Wealthy musician and failed blogger debate the merits of “indie”

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Ezra Koenig

Fader Magazine sat Vampire Weekend‘s Ezra Koenig and Carles, he of the Hipster Runoff-era of blogging (literally and figuratively), down to discuss the merits of “indie” culture; even going as far as to ask if it ever existed. Of course, this discussion—at a time when everything, and everyone, is “branded”—is filled with irony beyond even the notion of a musician who has made most of his money via commercial tie-ins and corporate supported festivals and a blogger who hailed during an era when the music industry was a (gleeful) shell of its former self. Still, the entire conversation can be boiled down to Koenig’s first sentence in his third response:

Carles, you keep using this word ‘indie,’ and I have no idea what you’re talking about, but I will do my best to play along.

For his part, Koenig is actually a very astute observationist, using Carles weak (and exhaustingly long) leads to weigh in on topics of morality and skewed capitalism.

“I don’t know how ‘indie’ fits into this new era. I guess you’re right—similar to the modern artisan, ‘indie’ feels like a ‘false construct.’ It neither leans into the dominant narrative of late-capitalist-Information-Age-celebrity nor challenges it. It’s like the musical form of the hated ‘moderate liberal.’”

But as expected, the conversation devolves into focus study on what the music scene was in peak-internet / pre-streaming-revenue days vs. today; when “indie” wasn’t a sound or way of life, but merely a necessity—the big labels and brick & mortar stores had no idea how to manage, which left most artists, small labels, and yes, even music bloggers, to their own devices. Surprise! Left to their own devices, they thrived without the weight of major retail and distro, Soundscans, or private streams (back then called CDs).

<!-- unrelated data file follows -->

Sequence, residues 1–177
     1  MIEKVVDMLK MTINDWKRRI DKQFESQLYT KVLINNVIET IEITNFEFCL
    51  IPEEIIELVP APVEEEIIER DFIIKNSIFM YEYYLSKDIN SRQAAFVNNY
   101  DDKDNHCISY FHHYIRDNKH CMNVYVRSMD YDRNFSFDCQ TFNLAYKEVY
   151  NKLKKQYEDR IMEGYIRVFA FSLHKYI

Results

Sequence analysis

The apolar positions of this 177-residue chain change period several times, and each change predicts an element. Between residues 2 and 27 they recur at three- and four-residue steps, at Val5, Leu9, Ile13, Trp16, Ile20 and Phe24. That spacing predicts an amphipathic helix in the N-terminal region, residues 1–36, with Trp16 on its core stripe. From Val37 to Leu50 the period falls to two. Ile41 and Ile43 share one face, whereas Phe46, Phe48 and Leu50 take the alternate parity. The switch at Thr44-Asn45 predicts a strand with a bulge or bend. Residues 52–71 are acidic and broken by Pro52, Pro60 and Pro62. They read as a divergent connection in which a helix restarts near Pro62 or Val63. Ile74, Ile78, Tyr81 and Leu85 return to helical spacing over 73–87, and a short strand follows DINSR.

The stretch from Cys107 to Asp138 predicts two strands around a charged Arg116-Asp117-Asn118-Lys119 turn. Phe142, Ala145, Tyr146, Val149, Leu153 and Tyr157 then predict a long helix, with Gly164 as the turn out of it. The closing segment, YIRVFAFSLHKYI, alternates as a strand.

Hipster Runoff, and many others, made their mark in an era when mediafire mixtapes and pre-Google YouTube streams ruled. Popularity was marked (very simply) by how your music resonated with people, not how many commercials you were in or festivals you played. Now? Well, let’s just say the only way this discussion could get any more ironic is if it was held in the Sour Patch House.

It’s essentially the “is Brooklyn over?” conversation in a different context.

The very simple answer is there will always be an independent culture, whether it’s frontline, or brewing beneath the surface as a counter to the mainstream culture that dominates our social media feeds. One only needs to see the response to the fire at Silent Barn to realize the importance and vitality of independent culture, and even (especially) in this post-post-internet age where “the biggest celebrities now show the openness/vulnerability/‘realness’ that was once associated with ‘confessional’ ‘bedroom’ indie,” (Koenig’s words) what we really crave is the personal. We want faces, not brands.

The two end their discussion talking about Koenig’s Beats 1 radio show for Apple Music (this stuff writes itself), with the Vampire Weekend frontman putting his curatorial power in brand speak most of us can understand.

“I’m like a lonely hazelnut frappuccino in a Starbucks in a Target. The real power is being Target.”

What Carles should’ve asked is, if Koenig would rather be Target or the mom-and-pop store on your corner that thrives for generations with regular customers who know you by name?